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The Tufts Daily
Where you read it first | Sunday, May 19, 2024

Somerville builds community through CultureHouse


Residents gather in the CultureHouse on March 9.

CultureHouse, a nonprofit placemaking organization based in Somerville, transformed a vacant storefront into a vibrant community center in Union Square. Since its opening in January 2024, the pop-up, located at 64 Union Square, has offered a space to foster community and build intercultural and intergenerational relationships. 

CultureHouse partnered with the Union Square Neighborhood Council, or the USNC, to take on the project. As a coalition of people who live and work in Union Square, the USNC negotiates community benefit agreements with developers that include support for local nonprofits and mitigate any possible harm to the community. After more than eight years of discussion amongst the neighborhood and city council about the possibility of a communal space, CultureHouse decided to step in.

“With Somerville itself, there’s a lot of change happening,” CultureHouse Community Manager Rishika Dhawan said. “That seems to be the large conversation around and in the city. And with that change, how do we keep our identity and keep our sense of community? That’s a big driver for the Union Square pop-up.” 

Before opening on Jan. 10, CultureHouse collected data and did community outreach in the “pre-opening stage” of the pop-up. Dhawan and the CultureHouse team hosted public forums on Zoom, put up flyers at local businesses and put out an open call for an advisory group. They also partnered with SomerViva, the City of Somerville’s Office of Immigrant Affairs, to engage with non-English speaking populations and meet residents where they are.

“I think a lot of people didn’t quite get what we were trying to do,” Stephanie Irigoyen, the manager of the Union Square pop-up, said about her time engaging with community members before the opening. “We try to explain [the space] as a living room for the public or community center space, and I think [community members] kind of get it, but not until they’re really in here do they understand what the space is supposed to be.”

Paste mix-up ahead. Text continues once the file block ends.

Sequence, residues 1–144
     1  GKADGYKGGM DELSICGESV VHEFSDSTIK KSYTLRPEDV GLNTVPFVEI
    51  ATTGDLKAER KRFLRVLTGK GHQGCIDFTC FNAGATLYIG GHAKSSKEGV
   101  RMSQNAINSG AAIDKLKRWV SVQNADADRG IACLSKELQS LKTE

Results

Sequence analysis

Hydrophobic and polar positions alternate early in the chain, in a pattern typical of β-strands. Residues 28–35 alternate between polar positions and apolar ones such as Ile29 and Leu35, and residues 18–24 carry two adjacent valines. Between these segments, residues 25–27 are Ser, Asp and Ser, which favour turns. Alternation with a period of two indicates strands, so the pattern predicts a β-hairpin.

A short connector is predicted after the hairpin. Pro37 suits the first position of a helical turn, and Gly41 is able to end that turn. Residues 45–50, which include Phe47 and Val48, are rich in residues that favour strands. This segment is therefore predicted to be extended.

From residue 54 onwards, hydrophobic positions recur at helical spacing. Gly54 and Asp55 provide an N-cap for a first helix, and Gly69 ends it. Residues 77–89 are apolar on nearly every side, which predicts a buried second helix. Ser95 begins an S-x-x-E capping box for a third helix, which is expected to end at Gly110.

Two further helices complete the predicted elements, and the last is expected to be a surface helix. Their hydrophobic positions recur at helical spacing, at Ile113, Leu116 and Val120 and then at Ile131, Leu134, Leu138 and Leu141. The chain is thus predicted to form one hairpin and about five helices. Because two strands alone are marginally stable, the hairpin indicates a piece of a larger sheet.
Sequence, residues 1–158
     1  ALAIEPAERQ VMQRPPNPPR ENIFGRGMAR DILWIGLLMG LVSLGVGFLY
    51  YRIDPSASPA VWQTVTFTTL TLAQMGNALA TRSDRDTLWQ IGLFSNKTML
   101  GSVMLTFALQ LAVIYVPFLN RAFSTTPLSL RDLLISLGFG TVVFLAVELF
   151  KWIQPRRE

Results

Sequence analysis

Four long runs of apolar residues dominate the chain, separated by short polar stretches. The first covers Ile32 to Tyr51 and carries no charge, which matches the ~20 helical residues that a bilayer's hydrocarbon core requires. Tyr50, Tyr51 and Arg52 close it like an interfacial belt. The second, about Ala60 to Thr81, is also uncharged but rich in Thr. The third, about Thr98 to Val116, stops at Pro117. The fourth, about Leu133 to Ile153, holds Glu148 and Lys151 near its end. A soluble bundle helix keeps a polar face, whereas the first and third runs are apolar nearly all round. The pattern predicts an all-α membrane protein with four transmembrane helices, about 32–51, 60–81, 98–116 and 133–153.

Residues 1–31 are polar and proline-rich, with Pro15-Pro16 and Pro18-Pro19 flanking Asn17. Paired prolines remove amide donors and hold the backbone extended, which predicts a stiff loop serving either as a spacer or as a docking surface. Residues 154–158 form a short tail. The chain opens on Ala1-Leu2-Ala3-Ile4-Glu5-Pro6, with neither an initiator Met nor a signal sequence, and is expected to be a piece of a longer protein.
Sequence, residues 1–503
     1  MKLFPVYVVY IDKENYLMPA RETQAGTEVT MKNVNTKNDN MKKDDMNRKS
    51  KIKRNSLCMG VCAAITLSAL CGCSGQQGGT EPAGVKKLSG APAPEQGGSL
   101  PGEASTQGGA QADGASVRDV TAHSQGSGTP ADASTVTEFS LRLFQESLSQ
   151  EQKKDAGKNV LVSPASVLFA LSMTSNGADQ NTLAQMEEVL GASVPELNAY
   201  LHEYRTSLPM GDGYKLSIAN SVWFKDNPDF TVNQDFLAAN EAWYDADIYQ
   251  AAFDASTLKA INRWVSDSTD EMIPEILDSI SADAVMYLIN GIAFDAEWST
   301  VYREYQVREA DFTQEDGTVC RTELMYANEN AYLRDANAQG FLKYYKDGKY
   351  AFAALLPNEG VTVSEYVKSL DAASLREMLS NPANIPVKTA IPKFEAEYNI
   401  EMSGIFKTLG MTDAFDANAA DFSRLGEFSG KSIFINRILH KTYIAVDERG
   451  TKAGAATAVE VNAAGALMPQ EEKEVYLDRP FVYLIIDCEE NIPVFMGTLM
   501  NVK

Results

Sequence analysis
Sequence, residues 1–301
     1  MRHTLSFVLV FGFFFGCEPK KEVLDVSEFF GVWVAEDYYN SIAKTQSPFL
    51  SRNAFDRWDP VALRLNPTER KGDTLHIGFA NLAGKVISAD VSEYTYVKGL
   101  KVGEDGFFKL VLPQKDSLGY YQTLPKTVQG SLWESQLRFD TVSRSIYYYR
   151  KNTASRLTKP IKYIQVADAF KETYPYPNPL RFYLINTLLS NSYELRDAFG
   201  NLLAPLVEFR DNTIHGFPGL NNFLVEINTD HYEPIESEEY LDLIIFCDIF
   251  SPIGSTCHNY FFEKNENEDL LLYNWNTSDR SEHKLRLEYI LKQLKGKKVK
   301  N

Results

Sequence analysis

The Union Square pop-up includes an open living room designed for conversation and community events. Visitors are also welcome to drink tea or coffee at no cost. Dhawan noted that because CultureHouse uses a pour-over coffee maker, each cup takes about seven minutes to make, creating the perfect opportunity for visitors to start a conversation with each other. The pop-up also includes a kitchen, a quiet area for reading and a meeting room. 

“I love seeing people realize that this is a free space that they can use because they just relax,” Irigoyen said. “They know they don't have to buy something now. The pressure’s off. They can just sit and enjoy the space.”

The pop-up space is also used for community events such as Somerville City Councilor open hours and events held by the Somerville Community Land Trust. CultureHouse welcomes residents of all ages to weekly events like cross-cultural workshops, community concerts and improv performances.

Since its opening in January, the Union Square pop-up has been met with positive feedback from the residents of Somerville. 

“There’s been over 1,500 people going in to play games, going there to play music [or] to just have a cup of coffee together,” USNC Co-Chair Ann Camara said. “It serves a lot of purpose.” 

“People are using [the pop-up]. And they love it. They can actually see and feel it,” Dhawan said. “For them, that’s so important because the one thing we hear now is, ‘we can’t believe this is going away in June. What to do after that? Where are we going to go?’” 

The pop-up is scheduled to close on June 9, but community members, including those who work in the USNC, are looking to extend it. For CultureHouse, the pop-up is only the first step to show that a community space is not only possible but highly beneficial to the residents. 

Following the operation, CultureHouse will release an impact report with recommendations and an operational and financial model for the USNC to bring to local developers. With the data and feedback from residents, the USNC will better be able to advocate for a permanent community center. 

“So for us, the big goal is being able to give them [data] they can now take to the developers and say, ‘hey, we have that information. We’ve tested it out. It works in the community, they respond really well. They want it. They need it,’” Dhawan said. 

The impact of the pop-up is difficult to measure, but Irigoyen emphasized the importance of a free space for people to meet each other.

“I’m walking out in the street and I wave to people because I recognize them from the pop-up,” Irigoyen said. “So that’s pretty cool. [It] feels like a neighborhood now.”